Fran Lowry

July 09, 2015

MIAMI — Noninvasive neuromodulation with external trigeminal nerve stimulation (eTNS) may be a useful adjunctive treatment for patients with major depressive disorder (MDD) that is not adequately controlled by antidepressant medication, new research suggests.

Compared with sham treatment, active eTNS produced significantly greater reductions in depression severity in this small study of 43 adults with MDD.

The study was presented here at the American Society of Clinical Psychopharmacology (ASPC) 2015 Annual Meeting.

"We initially began working on trigeminal nerve stimulation for drug-resistant epilepsy and have now started looking at its efficacy in psychiatric disorders like depression, PTSD, and ADHD," Ian A. Cook, MD, from NeuroSigma, Inc, and the University of California, Los Angeles, told Medscape Medical News.

Dr Ian Cook

"PET imaging studies have shown that when the device is turned on, there occurs a rapid and robust change in blood flow in limbic and frontal regions of the brain and a decrease in activity in other areas of the brain that we think are important for seizure suppression. The effect is rapid," Dr Cook said.

Rapid Effect

The current study included 43 adults aged 23 to 65 years with nonpsychotic unipolar MDD who were unresponsive to more than 6 weeks of treatment with at least one antidepressant.

Participants were randomly assigned to receive active stimulation or control sham stimulation for 6 weeks. They self-stimulated the trigeminal nerve for 8 hours each night at home using patch electrodes placed on the forehead.

"They used the device mostly while they slept. There's no zapping of the brain; in fact, we have data to suggest that there is no current leaking through the skull into the brain, so it's not a mini ECT, if you will. People often describe that the sensation when the device is there is like a tingling or buzzing sort of vibrational feeling in their forehead. It often seems to help with sleep, and patients say they fall asleep pretty rapidly with the device," Dr Cook said.

Clinical outcomes were assessed using the Beck Depression Inventory (BDI), the Inventory of Depressive Symptomology (IDS-SR), and the Hamilton Depression Rating Scale (HDRS-17).

The patients continued to take their medications throughout the study period.

Patients receiving active stimulation had significantly greater symptom improvement at week 6 than patients receiving the control condition on the BDI, and they approached significance on the IDS-SR.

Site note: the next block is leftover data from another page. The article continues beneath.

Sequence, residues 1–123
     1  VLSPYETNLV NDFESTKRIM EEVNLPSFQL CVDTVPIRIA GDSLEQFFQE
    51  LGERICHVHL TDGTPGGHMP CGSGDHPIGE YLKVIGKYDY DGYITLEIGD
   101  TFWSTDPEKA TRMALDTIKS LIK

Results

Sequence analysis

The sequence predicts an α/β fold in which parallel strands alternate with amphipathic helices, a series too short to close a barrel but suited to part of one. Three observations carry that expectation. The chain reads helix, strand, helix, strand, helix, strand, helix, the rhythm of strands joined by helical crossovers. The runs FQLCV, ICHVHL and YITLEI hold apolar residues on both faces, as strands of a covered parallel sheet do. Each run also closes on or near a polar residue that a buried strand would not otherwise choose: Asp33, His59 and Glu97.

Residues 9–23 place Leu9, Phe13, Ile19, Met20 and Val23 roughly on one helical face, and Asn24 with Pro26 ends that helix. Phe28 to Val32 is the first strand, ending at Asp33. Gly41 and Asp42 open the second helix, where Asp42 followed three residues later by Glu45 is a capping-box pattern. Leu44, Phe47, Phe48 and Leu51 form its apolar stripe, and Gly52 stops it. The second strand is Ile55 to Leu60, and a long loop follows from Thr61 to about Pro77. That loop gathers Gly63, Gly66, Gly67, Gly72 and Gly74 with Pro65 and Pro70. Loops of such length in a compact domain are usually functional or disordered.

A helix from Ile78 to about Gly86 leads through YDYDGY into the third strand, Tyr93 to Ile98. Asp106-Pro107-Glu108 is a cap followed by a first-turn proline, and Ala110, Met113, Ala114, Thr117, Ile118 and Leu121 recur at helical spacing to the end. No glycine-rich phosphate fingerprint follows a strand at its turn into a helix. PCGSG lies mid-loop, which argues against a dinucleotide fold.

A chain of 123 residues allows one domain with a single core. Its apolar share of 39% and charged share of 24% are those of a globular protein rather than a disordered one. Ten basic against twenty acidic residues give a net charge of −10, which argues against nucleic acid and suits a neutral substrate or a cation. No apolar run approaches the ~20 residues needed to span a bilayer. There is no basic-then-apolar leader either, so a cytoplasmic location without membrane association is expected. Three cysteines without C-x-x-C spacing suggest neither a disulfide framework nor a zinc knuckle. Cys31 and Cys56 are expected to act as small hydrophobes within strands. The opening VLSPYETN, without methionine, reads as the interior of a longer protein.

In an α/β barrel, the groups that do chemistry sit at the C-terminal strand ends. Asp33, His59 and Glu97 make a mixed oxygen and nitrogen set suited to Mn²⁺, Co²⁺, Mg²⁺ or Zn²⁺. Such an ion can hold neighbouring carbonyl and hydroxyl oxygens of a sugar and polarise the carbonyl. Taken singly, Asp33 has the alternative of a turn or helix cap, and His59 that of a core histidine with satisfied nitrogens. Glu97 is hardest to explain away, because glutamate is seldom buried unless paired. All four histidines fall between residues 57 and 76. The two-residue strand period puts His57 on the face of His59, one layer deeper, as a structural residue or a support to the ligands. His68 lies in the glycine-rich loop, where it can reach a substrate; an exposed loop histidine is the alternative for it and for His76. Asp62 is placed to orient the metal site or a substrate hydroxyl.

Table. Symptom Improvement With TNS vs Sham

Rating TNS Sham P-value
BDI -41.7% -10.9% 0.013
IDS-SR -30.3% -2.5% 0.060
HDRS-17 -36.8% -30.5% n.s.


Symptom severity also improved significantly for patients receiving active stimulation.

The mean standard deviation (SD) score on the BDI fell from 24.6 (SD, 8.5) at baseline to 14.2 (SD, 7.3) at week 6 (P < .00001; the mean score on the IDS-SR fell from 38.3 (SD, 10.2) to 26.1 (SD, 10.5; P < .00001), and the HDRS-17 score fell from 19.4 (SD, 4.5) to 12.1 (SD, 6.4; P < .0001).

"The trigeminal nerve is very important in the evolutionary sense," Dr Cook said. "Small foraging animals sense their environment through their whiskers, which is the trigeminal nerve in these animals. And we know from other data that there is a rich network of centers in the brain that are fed information through this pathway."

TNS is still investigational in the United States, but it has CE Mark approval in Europe and Health Canada approval for use in depression, Dr Cook said.

An Intriguing Concept, but….

"This is an intriguing concept and potentially promising lead," Alan J. Gelenberg, MD, professor emeritus at the University of Arizona, in Tucson, and editor-in-chief of the Journal of Clinical Psychiatry, told Medscape Medical News.

Dr Alan Gelenberg

"But this technique and the data supporting it are still very preliminary. It will take a long and expensive process to rigorously assess whether it is, in fact, a safe and effective treatment for depressed people," Dr Gelenberg said.

Dr Cook reports having financial relationships during the past 5 years with Allergan, Aspect Medical Systems/Coviden, Cyberonics, Eli Lilly and Company, the National Institutes of Health, NeoSync, Neuronetics, NeuroSigma, the US Department of Defense, and US Department of Justice, and the US Veterans Administration. He is an employee of NeuroSigma. Dr Gelenberg reports no relevant financial relationships.

American Society of Clinical Psychopharmacology (ASPC) 2015 Annual Meeting.


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